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Nicholas Lewin ’04
Assistant U.S. Attorney, Southern District of New York
I’ve served as an Assistant U.S. Attorney in the Southern District of New York since 2007, working principally on terrorism and other national security cases (such as espionage, counter-proliferation, and counterintelligence). I graduated from YLS in 2004, and then clerked for two wonderful years — first on the Southern District of New York, then on the Second Circuit. I came straight to the U.S. Attorney’s Office from my second clerkship. Between clerkships, I worked for about a year at a twenty-odd-lawyer litigation firm in Manhattan called Lankler, Siffert and Wohl.
A brief aside: I had a terrific experience at Lankler, Siffert and Wohl. This firm, like a handful of other small litigation firms in New York, is comprised largely of former prosecutors. The firms are structured and oriented in a fundamentally different way than the larger firms, but are often involved in the same cases as those firms. As a result, the work, the people (and even the quality of life) were truly excellent. But this is no non-sequitur: working at a small firm like this one—where many of the partners had been AUSAs—significantly advanced my application to the U.S. Attorney’s Office.
My time at SDNY has been typically interesting, challenging and fun, but atypical in other respects. As with almost all AUSAs in SDNY, I started in the General Crimes Unit. There, AUSAs are exposed to a broad range of cases, from immigration to housing fraud to violent crime. The caseload is heavy. And the learning curve was steep — at least it was for me. I conducted two jury trials during my general crimes year. Most SDNY AUSAs spend the next year in the Narcotics Unit; I spent only about six months there, trying one jury trial before transitioning full time to terrorism prosecution.
In March 2009, I took a temporary assignment in Washington D.C. to serve on the Guantanamo Review Task Force. The task force was charged with reviewing the then-241 detainees still held at the detention facility in Guantanamo Bay, Cuba. My role, along with about a dozen other federal prosecutors from around the country, was to assess which Guantanamo detainees could be feasibly prosecuted in an Article III court.
In June 2009, Ahmed Khalfan Ghailani became the first — and, to date, only — Guantanamo detainee to be transferred from Guantanamo Bay for prosecution in federal court. I returned to SDNY to prosecute the Ghailani case. Ghailani was charged for his role in al Qaeda’s August 1998 attacks against the U.S. Embassies in Kenya and Tanzania that killed 224 people and injured thousands more. After his 2004 capture in Pakistan, Ghailani was held in a CIA black site — during which time he was subject to so-called “enhanced interrogation techniques” — before being transferred to Guantanamo Bay in 2006. For more than a year, we prepared for trial; I spent months traveling across the world with our truly extraordinary FBI case agents, including to Guantanamo Bay, Mombasa and Nairobi, Kenya, and Dar es Salaam, Tanzania. I met with dozens of the victims and their families. We briefed and argued multiple dispositive and complex pre-trial motions, including ones based on alleged violations of the speedy trial clause and of outrageous government conduct. After a five-week trial, the jury convicted Ghailani of one count (which carried a life sentence) but acquitted him of 284. Nevertheless, I cannot imagine that I will ever prosecute another case in which I will be prouder to have played a role.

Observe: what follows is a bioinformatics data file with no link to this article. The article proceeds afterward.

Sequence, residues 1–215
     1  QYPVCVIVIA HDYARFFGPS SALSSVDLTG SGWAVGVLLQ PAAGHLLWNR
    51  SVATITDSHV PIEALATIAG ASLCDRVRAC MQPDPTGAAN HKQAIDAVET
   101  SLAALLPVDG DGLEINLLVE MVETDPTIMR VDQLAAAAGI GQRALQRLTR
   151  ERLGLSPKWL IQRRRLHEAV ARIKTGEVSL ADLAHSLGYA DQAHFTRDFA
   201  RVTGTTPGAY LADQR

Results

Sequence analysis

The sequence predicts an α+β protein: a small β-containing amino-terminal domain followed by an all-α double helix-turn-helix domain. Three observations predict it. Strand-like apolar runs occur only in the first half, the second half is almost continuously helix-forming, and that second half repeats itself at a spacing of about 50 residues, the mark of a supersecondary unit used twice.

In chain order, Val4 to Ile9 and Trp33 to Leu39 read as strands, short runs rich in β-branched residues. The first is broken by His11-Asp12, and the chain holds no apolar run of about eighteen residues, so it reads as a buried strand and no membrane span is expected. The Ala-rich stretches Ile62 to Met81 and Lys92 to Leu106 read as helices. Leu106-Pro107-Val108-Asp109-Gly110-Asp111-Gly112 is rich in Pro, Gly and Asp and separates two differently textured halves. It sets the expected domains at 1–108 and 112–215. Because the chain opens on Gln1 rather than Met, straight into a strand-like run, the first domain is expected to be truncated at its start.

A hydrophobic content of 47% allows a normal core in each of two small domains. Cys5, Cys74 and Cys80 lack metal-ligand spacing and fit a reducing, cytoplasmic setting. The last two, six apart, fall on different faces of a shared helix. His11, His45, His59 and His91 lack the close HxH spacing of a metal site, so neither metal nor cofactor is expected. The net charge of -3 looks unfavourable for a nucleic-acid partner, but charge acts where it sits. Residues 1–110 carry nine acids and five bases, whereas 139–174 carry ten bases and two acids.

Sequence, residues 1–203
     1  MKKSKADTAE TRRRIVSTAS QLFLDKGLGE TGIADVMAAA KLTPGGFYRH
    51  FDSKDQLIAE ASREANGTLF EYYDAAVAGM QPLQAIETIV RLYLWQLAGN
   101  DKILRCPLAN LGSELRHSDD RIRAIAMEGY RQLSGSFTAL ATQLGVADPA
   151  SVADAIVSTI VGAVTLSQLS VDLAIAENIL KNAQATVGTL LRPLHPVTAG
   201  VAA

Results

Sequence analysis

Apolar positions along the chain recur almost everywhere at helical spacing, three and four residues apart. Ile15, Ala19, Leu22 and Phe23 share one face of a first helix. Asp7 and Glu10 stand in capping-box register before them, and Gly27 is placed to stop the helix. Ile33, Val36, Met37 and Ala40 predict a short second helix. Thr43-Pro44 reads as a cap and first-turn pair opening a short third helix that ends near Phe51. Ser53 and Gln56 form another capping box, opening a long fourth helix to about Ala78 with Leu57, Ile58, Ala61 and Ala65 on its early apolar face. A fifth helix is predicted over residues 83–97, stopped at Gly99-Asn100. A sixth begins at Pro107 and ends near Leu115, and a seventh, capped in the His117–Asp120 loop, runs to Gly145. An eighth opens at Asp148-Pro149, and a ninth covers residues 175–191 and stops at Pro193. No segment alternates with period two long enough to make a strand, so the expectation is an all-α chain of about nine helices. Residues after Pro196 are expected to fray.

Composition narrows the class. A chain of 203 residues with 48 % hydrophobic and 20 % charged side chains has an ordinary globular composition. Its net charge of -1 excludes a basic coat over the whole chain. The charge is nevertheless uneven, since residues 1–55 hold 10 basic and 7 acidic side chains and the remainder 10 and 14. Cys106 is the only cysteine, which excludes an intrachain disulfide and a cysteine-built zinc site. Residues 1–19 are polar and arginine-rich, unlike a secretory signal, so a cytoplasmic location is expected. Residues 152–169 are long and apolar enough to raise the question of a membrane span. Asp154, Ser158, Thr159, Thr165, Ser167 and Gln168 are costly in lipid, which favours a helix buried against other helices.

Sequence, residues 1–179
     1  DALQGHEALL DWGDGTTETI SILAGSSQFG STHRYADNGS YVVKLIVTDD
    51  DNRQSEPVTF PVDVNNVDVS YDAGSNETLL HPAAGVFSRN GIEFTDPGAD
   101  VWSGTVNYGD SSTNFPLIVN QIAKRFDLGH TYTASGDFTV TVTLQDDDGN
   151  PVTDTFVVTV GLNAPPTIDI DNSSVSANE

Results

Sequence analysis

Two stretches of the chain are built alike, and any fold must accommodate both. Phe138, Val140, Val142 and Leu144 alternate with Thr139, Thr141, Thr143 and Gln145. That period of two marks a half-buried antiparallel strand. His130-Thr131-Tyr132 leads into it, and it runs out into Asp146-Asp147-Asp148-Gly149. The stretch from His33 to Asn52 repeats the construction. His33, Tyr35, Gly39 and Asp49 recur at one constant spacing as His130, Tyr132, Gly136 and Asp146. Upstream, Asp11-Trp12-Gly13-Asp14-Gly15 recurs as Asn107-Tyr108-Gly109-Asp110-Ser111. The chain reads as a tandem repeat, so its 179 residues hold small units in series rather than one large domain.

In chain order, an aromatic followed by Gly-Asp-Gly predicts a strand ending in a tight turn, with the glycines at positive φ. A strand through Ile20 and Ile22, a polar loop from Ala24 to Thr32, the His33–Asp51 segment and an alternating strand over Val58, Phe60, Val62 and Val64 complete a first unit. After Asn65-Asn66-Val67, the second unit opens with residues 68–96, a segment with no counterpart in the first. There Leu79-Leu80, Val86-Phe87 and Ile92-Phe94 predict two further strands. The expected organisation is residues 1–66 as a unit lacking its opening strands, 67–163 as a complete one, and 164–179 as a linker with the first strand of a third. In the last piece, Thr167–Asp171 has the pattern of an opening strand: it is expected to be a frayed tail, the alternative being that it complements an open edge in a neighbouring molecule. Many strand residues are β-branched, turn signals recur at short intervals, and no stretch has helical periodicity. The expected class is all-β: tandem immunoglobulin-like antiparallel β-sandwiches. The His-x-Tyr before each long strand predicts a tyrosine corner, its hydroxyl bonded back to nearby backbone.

In May of 2012, I accepted another long-term assignment, as Special Counsel to FBI Director Robert Mueller, and served for about a year-and-a-half as his advisor on a wide variety of national security matters. After Director Mueller left, I served briefly as special counsel to Director James Comey, before returning to SDNY. Serving as the Directors’ Special Counsel was just as interesting as it sounds. And it was a personal honor to serve Directors Mueller and Comey.
Upon my return to SDNY, I was fortunate to help conduct two lengthy trials, in 2014 and 2015, of senior al Qaeda leaders: first as part of the team prosecuting Sulaiman Abu Ghaith, who was charged with a variety of crimes relating to his activities, in 2001 and 2002, as a senior leader of al Qaeda; and more recently, as part of the team prosecuting three defendants charged in connection with the 1998 Embassy Bombings: Adel Abdel Bary, Anas al-Libi, and Khalid al-Fawwaz. Each case was an extraordinary opportunity to work closely with some truly outstanding prosecutors and amazing investigators. I am also prosecuting Ahmad Khan Rahimi, the individual charged in connection with the September 2016 bombings and attempted bombings in the Chelsea neighborhood of Manhattan and across New Jersey.
I feel privileged to work at the U.S. Attorney’s Office. The work has been extraordinary. In addition to working on fascinating cases, I’ve had the opportunity to develop real litigation, trial and appellate skills, and to hone those skills by working with some truly extraordinary investigators and lawyers — and great people.